Loyola University Chicago

Student Diversity & Multicultural Affairs

Division of Student Development

Political Process and Policy: Literature

Fraser, Nancy. Justice Interruptus: Critical Reflections on the "Postsocialist" Condition. Publisher: Routledge. (1997)
Excerpt: "What does it mean to think critically about politics at a time when inequality is increasing worldwide, when struggles for the recognition of difference are eclipsing struggles for social equality, and when we lack any credible vision of an alternative to the present order? Philosopher Nancy Fraser claims that the key is to overcome the false oppositions of ‘postsocialist’ commonsense. Refuting the view that we must choose between ‘the politics recognition’ and ‘the politics of redistribution,’ Fraser argues an integrative approach that encompasses the best aspects of both"
West, Cornell. Democracy Matters: Winning the Fight against Imperialism. Publisher: Penguin (Non-Classics); Reprint edition (August 30, 2005)
Excerpt: "Democracy Matters is Cornel West's bold and hard-hitting critique of the troubling deterioration of democracy in America in this threatening post-9/11 age- and a powerful and inspiring call for the revitalization of the deep democratic tradition in our country, which has waged war on the forces of imperialist corruption throughout our history. Americans must take back our democracy, and in this brilliant and moving call to arms, Cornel West shows the way.”
Nguyen, Viet Thanh. Race and Resistance: Literature and Politics in Asian America. Publisher: Oxford University Press (June 12, 2006)
Excerpt: "In  Race and Resistance: Literature and Politics in Asian America, Viet Thanh Nguyen argues that Asian American intellectuals have idealized Asian America, ignoring its saturation with capitalist practices. This idealization of Asian America means that Asian American intellectuals can neither grapple with their cultures ideological diversity nor recognize their own involvement with capitalist practices such as the selling of racial identity.”
Georges, Fawaz A. The Far Enemy: Why Jihad Went Global. Publisher: Cambridge University Press (September 5, 2005)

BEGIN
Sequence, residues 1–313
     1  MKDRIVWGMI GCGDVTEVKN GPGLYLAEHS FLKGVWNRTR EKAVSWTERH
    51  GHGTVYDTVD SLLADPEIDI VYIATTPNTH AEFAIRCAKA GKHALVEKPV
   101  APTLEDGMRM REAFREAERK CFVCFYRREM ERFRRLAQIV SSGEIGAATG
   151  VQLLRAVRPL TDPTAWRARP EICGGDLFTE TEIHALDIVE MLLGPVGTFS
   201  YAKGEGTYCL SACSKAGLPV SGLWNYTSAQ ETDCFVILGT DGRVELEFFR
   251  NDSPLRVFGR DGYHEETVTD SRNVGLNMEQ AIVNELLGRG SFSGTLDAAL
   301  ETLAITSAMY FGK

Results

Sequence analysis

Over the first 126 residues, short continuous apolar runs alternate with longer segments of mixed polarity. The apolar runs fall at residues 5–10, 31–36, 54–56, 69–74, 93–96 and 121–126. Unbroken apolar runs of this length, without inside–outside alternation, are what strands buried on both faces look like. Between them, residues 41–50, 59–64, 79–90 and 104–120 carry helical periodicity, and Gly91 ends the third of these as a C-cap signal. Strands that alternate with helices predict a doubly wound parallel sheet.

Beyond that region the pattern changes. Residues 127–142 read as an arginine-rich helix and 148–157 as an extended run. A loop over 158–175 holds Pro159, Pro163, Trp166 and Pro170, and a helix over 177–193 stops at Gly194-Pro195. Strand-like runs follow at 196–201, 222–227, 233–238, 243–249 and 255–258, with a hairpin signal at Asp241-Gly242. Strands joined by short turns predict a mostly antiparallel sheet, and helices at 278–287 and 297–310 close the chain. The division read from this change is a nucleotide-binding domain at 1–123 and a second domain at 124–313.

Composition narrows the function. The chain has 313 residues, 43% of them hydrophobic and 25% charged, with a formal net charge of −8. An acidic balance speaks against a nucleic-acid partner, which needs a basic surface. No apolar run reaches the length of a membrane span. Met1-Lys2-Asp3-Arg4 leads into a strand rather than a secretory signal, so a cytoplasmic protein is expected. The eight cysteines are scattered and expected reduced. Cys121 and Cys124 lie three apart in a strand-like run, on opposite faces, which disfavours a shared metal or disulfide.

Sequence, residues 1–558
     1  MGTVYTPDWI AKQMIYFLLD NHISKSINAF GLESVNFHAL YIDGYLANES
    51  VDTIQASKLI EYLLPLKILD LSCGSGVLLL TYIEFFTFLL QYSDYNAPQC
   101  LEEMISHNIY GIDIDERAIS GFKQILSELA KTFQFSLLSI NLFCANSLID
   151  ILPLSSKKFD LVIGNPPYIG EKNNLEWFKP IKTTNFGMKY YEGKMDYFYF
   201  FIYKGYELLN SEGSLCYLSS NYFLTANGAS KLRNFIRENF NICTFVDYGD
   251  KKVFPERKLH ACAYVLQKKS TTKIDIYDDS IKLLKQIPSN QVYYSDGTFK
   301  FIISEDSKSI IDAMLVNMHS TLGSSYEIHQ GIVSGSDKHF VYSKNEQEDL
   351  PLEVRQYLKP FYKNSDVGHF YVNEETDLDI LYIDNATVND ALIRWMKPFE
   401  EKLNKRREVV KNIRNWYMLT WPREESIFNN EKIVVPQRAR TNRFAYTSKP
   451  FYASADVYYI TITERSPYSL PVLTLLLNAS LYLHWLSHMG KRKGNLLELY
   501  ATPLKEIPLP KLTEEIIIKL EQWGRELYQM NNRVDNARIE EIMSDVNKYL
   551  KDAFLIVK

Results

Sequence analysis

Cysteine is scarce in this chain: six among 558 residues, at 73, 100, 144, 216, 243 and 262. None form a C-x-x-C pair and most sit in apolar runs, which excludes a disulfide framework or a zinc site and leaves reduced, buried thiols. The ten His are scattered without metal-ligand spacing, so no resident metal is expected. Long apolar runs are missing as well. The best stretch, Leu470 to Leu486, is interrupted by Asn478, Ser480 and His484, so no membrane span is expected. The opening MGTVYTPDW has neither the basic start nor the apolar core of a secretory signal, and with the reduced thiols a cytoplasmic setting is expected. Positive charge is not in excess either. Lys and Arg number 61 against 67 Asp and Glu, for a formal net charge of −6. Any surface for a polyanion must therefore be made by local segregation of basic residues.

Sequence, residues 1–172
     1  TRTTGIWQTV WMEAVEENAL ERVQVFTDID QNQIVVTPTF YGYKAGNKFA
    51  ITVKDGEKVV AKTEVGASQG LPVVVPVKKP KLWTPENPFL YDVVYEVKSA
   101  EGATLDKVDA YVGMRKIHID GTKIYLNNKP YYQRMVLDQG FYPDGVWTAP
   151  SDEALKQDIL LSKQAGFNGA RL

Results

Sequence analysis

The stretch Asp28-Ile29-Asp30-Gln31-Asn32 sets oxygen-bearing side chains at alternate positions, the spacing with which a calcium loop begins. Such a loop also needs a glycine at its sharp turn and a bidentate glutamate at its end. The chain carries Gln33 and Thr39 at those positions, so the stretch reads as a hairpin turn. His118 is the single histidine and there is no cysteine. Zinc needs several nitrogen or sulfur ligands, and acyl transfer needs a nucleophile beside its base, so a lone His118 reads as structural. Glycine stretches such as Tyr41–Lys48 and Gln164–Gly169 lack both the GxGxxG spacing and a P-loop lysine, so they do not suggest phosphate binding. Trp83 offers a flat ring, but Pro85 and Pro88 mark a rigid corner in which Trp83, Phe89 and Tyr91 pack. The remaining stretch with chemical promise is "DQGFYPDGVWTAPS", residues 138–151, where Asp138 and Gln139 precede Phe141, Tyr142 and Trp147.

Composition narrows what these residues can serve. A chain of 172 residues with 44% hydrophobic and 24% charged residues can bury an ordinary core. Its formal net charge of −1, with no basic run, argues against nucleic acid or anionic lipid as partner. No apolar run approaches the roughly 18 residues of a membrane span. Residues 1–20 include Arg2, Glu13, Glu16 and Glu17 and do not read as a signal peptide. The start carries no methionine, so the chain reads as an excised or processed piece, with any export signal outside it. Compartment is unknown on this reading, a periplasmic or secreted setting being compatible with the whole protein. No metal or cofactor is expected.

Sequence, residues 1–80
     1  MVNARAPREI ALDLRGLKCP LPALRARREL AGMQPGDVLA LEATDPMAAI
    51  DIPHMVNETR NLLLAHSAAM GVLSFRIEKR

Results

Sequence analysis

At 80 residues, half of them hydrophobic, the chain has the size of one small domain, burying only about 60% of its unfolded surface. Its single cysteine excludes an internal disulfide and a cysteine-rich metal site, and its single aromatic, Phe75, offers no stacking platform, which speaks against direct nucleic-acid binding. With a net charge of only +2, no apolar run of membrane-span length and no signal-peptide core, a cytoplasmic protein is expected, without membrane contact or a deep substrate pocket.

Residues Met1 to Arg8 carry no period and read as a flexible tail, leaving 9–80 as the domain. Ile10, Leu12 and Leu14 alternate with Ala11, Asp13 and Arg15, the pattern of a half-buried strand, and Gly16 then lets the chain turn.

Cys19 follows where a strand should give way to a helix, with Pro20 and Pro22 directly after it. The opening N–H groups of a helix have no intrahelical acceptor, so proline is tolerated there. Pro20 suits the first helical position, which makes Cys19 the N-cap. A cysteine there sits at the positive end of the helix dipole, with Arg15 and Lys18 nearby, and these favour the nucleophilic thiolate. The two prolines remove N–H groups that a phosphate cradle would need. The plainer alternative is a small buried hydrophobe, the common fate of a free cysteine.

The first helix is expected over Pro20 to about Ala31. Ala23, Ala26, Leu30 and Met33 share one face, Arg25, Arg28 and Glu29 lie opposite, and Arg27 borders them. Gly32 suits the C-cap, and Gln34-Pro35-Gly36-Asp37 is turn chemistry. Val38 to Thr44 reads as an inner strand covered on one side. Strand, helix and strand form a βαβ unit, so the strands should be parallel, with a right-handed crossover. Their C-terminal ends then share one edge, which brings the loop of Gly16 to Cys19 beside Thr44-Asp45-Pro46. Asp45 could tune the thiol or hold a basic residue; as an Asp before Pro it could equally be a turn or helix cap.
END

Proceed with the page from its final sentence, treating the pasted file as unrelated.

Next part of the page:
Excerpt: "This is an articulate and original book that sheds light on the tactics used by the jihadis in the last three decades. As more alienated young Muslims are seduced into joining, the author asks where the jihadist movement is going and whether it can survive and shed its violent character.”
Anderson, Terry H. The Pursuit of Fairness: A History of Affirmative Action. Publisher: Oxford University Press, USA; Reprint edition (June 9, 2005)
Excerpt: "Affirmative action cuts to the heart of deeply held beliefs about employment and education, about the concepts of justice and fairness, and about the troubled history of race relations in America.”
Cook, David. Understanding Jihad. Publisher: University of California Press; 1 edition (May, 2005)
Excerpt: "Jihad is one of the most loaded and misunderstood terms in the news today. Contrary to popular understanding, the term does not mean "holy war.” Nor does it simply refer to the inner spiritual struggle. This book, judiciously balanced, accessibly written, and highly relevant to today's events, unravels the tangled historical, intellectual, and political meanings of jihad. Looking closely at arrange of sources from sacred Islamic texts of modern interpretations, Understanding Jihad opens a critically important perspective on the role of Islam in the contemporary world.”
Katznelson, Ira. When Affirmative Action was White. Publisher: W.W. Norton & Company (August 22, 2005)
Excerpt: "…Ira Katznelson conclusively demonstrates that the economic policies enacted during the Great Depression and the ensuing decades not only excluded African Americans from attaining social parity but actually widened the gap between white and black living standards. Given this history of discriminatory legislation, it is no accident that more than forty years after Congress passed the Civil Rights Act, and more than one hundred and forty years since the abolition of slavery, the average black family in America still holds just one-tenth the assets of the average white family.”